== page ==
Sato took his first stop which freed Barrichello and Coulthard and Michael and Heidfeld were next to visit the pits. The order was then Alonso, Raikkonen, Montoya, Heidfeld sneaking out into fourth ahead of Button, then Michael, Villeneuve, who had yet to pit, and Ralf in eighth. Button was lagging a bit and Michael was closing in.
Alonso was 20 seconds ahead of Raikkonen and Fisichella got a rather public hurry up over the radio from Renault as he was lapping two seconds off his teammate's pace. Montoya was closing on Raikkonen then Michael, who had been taking a bit of dust and grass here and there on his way round, went into the wall off the last corner.
It was another fairly big impact, although Michael was unhurt. Out of the last corner the Ferrari went onto the grass and bounced over a bump, which threw the car into the wall. "I was behind Jenson, who was having some trouble, and I closed in to get the slipstream out of the last corner and ran wide," Michael explained.
There was debris everywhere and out came the safety car for the third time. Alonso, Raikkonen and Montoya all dived in the pits but it went a bit pear-shaped for McLaren. Raikkonen had a front wing change for some reason, which left Montoya sitting twiddling his thumbs behind him in the pit lane, waiting for his turn.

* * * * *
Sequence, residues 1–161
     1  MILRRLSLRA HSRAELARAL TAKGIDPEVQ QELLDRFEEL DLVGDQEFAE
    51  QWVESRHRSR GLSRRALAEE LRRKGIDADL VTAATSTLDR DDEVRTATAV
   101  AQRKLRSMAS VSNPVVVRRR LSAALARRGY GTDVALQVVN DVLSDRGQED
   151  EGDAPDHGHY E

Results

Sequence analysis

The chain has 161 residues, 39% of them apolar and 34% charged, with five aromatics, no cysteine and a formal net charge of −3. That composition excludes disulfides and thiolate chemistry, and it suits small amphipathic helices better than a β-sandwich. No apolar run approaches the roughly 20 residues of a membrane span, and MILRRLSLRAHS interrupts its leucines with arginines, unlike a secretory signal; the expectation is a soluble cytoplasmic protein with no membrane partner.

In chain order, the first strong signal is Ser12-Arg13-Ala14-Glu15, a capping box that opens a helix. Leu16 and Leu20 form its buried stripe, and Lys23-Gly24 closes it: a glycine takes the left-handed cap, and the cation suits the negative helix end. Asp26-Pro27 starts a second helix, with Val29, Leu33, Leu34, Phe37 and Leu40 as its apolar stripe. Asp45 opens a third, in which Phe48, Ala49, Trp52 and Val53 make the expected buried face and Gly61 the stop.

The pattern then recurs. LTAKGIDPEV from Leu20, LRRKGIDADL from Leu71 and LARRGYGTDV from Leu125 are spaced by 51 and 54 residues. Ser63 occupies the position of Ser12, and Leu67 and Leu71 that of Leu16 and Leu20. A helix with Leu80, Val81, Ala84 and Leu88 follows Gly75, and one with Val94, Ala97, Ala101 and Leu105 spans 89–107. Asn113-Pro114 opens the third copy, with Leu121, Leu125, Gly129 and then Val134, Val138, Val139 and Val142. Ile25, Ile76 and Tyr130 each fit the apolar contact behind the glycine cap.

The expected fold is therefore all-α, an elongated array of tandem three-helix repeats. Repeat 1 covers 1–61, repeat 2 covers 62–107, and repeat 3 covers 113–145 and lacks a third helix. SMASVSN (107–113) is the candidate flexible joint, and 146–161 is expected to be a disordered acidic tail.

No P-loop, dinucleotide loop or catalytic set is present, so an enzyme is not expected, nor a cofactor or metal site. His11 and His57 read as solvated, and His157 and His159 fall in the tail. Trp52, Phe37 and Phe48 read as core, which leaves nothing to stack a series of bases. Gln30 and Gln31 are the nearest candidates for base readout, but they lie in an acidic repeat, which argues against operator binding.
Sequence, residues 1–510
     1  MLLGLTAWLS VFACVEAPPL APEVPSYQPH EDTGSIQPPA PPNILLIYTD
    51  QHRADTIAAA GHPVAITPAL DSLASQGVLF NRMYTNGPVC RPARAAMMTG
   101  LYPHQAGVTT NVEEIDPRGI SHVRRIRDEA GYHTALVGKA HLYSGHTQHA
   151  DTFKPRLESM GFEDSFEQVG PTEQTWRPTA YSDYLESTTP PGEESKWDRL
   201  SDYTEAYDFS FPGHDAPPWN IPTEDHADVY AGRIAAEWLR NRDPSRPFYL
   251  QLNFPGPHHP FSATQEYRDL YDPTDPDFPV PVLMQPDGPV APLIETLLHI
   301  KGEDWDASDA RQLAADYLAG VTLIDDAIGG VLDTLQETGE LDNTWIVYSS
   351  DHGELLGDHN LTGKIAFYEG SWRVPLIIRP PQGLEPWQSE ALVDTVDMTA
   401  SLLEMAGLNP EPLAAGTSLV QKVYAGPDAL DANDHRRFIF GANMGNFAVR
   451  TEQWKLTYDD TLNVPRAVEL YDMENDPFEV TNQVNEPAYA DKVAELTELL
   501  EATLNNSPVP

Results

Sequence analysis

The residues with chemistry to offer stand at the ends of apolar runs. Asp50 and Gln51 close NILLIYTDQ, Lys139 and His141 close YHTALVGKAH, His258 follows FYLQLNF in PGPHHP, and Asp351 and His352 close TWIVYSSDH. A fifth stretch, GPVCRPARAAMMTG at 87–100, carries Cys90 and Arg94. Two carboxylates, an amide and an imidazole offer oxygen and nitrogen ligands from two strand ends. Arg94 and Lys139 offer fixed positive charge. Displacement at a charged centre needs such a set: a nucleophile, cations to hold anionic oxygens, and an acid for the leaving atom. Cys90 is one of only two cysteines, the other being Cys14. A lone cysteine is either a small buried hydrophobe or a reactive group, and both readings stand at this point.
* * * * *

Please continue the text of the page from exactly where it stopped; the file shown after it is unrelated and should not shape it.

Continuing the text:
Back on track it was still Alonso leading, with Heidfeld now second, then Raikkonen, Button, Ralf, Montoya, Fisichella and Villeneuve. However, due to the safety car and the pit stops, the actual running order was mixed up with the backmarkers. The safety car went back in and there was confusion as everyone scrapped for position.
The two MF1s were in the mix as Raikkonen attacked Heidfeld, while Button got hampered by (possibly) a Super Aguri and Montoya went past, earning himself a bump from Button as he did so. Almost as soon as the safety car had gone in, it was back out again when Liuzzi was the next to crash out in a shower of debris.
The Toro Rosso impacted with the barrier somewhere through turns two and three, spun across the track and went into the opposite wall. Another big shunt but Liuzzi was fine. This Grand Prix seemed to spend almost as much time under the safety car as it did actual racing.
"What happened was a real shame as we were competitive and had a really good pace," said Liuzzi. "I am not very happy as I think Jacques (Villeneuve) might have put me in the wall."
At the fourth, and last, restart the MF1s were back in the thick of the front runners. In quick succession Raikkonen, Ralf and Montoya barged past Heidfeld, who's BMW didn't have the grunt to hold them off, and the German was down to fifth. After him it was Button, Fisichella, Villeneuve, Barrichello, Speed, Coulthard, Albers, Sato and Ide.
Monteiro wandered off onto the grass then retired with a mechanical problem and Fisichella was harassing Button. Montoya was closing on Ralf but took a chunk of grass at the same place Michael did. The McLaren bounced much the same as the Ferrari had but Montoya wrestled it back onto the track. However, the jolt activated the engine's safety system and it shut down.